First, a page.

Rep. Ron Paul, the libertarian-leaning Texas Republican who ran a quixotic bid for the Republican presidential nomination in 2008, was the top vote-getter in the Conservative Political Action Conference’s straw poll, capturing the support of 31 percent of those who participated in the contest.
Former Massachusetts Gov. Mitt Romney, who had won the CPAC straw poll for three consecutive years, took 22 percent of the vote. Former Alaska Gov. Sarah Palin won 7 percent and Minnesota Gov. Tim Pawlenty 6 percent. Pawlenty attended the conference; Palin did not.
Paul’s victory renders a straw poll that was already lightly contested among the likely 2012 GOP hopefuls all but irrelevant as the 74-year-old Texan is unlikely to be a serious contender for his party’s nomination.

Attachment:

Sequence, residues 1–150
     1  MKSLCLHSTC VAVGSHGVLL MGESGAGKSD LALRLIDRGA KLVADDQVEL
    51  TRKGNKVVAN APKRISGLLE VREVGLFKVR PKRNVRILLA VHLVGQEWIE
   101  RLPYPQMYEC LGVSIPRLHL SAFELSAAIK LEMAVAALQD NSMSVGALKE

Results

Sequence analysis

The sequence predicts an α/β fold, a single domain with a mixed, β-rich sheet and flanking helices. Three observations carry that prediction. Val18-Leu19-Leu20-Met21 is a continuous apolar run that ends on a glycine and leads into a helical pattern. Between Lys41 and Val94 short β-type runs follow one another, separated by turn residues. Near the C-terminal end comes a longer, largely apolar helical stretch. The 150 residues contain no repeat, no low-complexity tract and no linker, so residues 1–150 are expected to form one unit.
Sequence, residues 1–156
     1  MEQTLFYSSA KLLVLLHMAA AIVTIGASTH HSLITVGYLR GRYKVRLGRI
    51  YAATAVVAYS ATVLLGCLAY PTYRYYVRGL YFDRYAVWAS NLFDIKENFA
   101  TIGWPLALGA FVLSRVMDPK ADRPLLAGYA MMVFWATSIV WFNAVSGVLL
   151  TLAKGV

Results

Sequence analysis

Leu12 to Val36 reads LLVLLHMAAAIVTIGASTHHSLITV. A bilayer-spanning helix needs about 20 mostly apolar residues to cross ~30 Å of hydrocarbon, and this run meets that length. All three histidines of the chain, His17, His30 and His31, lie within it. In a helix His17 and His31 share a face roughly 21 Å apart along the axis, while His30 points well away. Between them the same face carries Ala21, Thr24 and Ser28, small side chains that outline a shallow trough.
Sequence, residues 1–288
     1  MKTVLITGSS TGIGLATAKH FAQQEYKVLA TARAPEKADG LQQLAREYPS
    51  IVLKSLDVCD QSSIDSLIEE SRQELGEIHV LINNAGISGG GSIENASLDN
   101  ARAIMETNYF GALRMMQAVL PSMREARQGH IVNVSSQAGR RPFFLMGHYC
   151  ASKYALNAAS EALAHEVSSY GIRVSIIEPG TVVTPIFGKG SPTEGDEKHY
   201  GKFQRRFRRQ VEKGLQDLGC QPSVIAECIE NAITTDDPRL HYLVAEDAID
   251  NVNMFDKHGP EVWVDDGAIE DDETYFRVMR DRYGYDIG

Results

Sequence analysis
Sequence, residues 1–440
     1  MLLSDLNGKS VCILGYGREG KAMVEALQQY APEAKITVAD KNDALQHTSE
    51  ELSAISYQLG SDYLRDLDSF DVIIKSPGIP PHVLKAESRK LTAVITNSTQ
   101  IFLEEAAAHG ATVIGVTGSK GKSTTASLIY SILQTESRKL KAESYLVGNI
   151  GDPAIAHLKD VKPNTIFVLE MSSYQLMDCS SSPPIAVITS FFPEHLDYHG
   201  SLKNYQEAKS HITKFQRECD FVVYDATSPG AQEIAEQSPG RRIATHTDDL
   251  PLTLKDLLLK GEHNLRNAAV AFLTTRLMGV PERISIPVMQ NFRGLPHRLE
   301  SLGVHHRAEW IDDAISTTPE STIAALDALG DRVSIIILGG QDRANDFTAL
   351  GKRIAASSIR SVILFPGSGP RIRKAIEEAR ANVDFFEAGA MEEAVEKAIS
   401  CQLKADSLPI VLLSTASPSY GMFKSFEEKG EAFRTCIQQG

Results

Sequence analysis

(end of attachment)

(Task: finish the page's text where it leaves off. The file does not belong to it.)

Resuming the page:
Whether Paul will be running in the 2012 presidential election isn't known but as with 2008, although his supporters are enthusiastic and can be counted on to show up whereever Paul speaks, the majority of Americans just do not connect with Paul himself.
The straw poll is not binding -- and not necessarily a good forecaster, given that in 2008, John McCain went on to take the party's nomination over Romney.
The quote of the day goes to Newt Gingrich:
"Barack Obama has created at least three jobs that I know of: Bob McDonnell, Chris Christie and Scott Brown," former House speaker Newt Gingrich told a fawning crowd Saturday, celebrating recent GOP victories in governor's races in Virginia and New Jersey, and the Senate in Massachusetts, respectively."
That right there is funny.